Sunday, 1 June 2014

BIM Reality.

Every year we attend BIM Show Live and we all leave motivated and sure that the future of construction is rosy and we are returning to our day jobs in the perfect world.

There is a significant flaw in the BIM Show Live community however and that of the UKBIMCrew on twitter.

If you decide to pay money and give up time to go to an event such as BIM Show Live you are obviously committed to a different way of approaching things. This community has grown from around 100 to 700 paying delegates in three years. The flaw is that this is only one side if the argument. For those of us who attend we only see the positive aspects of change. We miss the issues or challenges because we believe so passionately in the fact what we are doing is right.

Im not changing my view in relation to BIM and I passionately believe the industry will benefit hugely in the future. However we do operate in the real world and 700 delegates at BSL it is only a tiny fraction of the industry.

The BIM technologies team are working on many live projects across the UK across a range of sectors with different clients, consultants and contractors.

Whilst we left BSL in April all enthusiastic about the future it didn't take long for us to bump back down to earth. Several projects which we are working on continue to be challenging.

The technology is straightforward, our  issues are always with standards and consistency across a design team. Design businesses are used to having control of their own standards for their own purposes. Every consultant will have their own approach and expectations. When an Information Manager is appointed they are unhappy about using a project standard which differs from their own.

The biggest challenge at present is demonstrating why this additional effort is necessary and where the benefit will be realised. Much of this data will not be used until the  operational stage and at present we can't show or quantify the benefit.

We are asking design teams to invest upfront without being able to show the benefit to either them or the project.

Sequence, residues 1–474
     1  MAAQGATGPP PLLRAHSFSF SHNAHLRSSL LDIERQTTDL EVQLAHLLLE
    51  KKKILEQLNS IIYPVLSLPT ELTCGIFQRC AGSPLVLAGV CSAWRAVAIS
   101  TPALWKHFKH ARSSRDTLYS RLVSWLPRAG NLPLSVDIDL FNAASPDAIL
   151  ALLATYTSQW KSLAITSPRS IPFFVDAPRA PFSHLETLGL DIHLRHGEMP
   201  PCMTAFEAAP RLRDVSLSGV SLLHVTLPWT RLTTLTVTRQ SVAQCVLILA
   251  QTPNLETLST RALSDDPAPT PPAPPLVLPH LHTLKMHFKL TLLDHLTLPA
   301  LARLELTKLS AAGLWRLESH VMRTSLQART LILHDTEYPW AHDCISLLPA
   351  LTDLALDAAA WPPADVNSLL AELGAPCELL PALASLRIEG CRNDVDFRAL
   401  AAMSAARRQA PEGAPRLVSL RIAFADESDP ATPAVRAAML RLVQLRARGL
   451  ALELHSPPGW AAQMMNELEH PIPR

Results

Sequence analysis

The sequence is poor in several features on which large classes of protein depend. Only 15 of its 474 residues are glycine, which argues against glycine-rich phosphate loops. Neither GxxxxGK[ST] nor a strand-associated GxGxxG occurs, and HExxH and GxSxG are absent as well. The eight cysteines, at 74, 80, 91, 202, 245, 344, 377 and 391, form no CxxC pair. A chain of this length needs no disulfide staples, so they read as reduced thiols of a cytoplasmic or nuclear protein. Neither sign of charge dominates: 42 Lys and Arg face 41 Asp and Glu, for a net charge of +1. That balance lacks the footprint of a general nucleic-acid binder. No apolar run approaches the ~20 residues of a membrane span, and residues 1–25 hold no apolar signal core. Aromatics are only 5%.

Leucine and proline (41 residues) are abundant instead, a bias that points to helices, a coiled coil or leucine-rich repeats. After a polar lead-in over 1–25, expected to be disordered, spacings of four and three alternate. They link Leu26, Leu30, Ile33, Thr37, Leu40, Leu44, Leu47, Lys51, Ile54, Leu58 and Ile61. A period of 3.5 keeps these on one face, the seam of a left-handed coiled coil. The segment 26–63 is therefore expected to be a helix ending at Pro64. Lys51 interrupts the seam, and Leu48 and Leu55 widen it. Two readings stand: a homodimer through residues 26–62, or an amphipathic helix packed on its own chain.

A simple example is the use of Uniclass 2 and NBS create. Traditionally we would produce a drawing and at a later date develop the specification. There is now a new workflow. When you add a component to a model you ensure it has it's Uniclass reference. This means that the object can be automatically linked to the specification. This is a fundamental change and means adding the reference early. 

Some consultants have become used to pushing responsibly further down the programme. Much of the detailed specification is carried out by the trade. Effective BIM brings this forward and asks for an earlier commitment. 

Clearly this is not how consultants have operated for several years and is potential additional work they had not anticipated having to complete.

The same is true of asset management. Traditionally at the end of construction information and data is added retrospectively. We are now suggesting this can be done more efficiently at the early stages. Again no fee allowance has be made for this so there is kickback from consultants. Without being able to demonstrate benefit clearly it is always a challenge to convince clients and consultants of the value.

Construction has traditionally be a disjointed process. To achieve an integrated workflow we need to rethink who does what when. Clearly by the nature if this some will end up doing more and some will benefit more.

There are no easy answers to the challenges we face. Those passionate about the benefits of BIM must also listen to the challenges others face. We need to find ways of minimising impact to the various groups. 

Critically we must hold our nerve in what we believe and should take time to invest in demonstrating the long term benefit. 

At times there will be a need for us to carry out activities to support the argument. This may mean taking onboard tasks which others should be doing themselves. This way we can demonstrate that the barriers are not technical or procedural.

Many barriers are more about culture and reluctance to change from what teams are used to. Whilst the argument around the benefits of BIM may be won academically there is still a long way to go to embed the technology and workflows into what we do consistently across industry.

Those passionate about making a difference need to understand this and we must realise this is a change which will take time to implement. We will continue to face negativity from industry. We have to listen and to find ways around the challenges.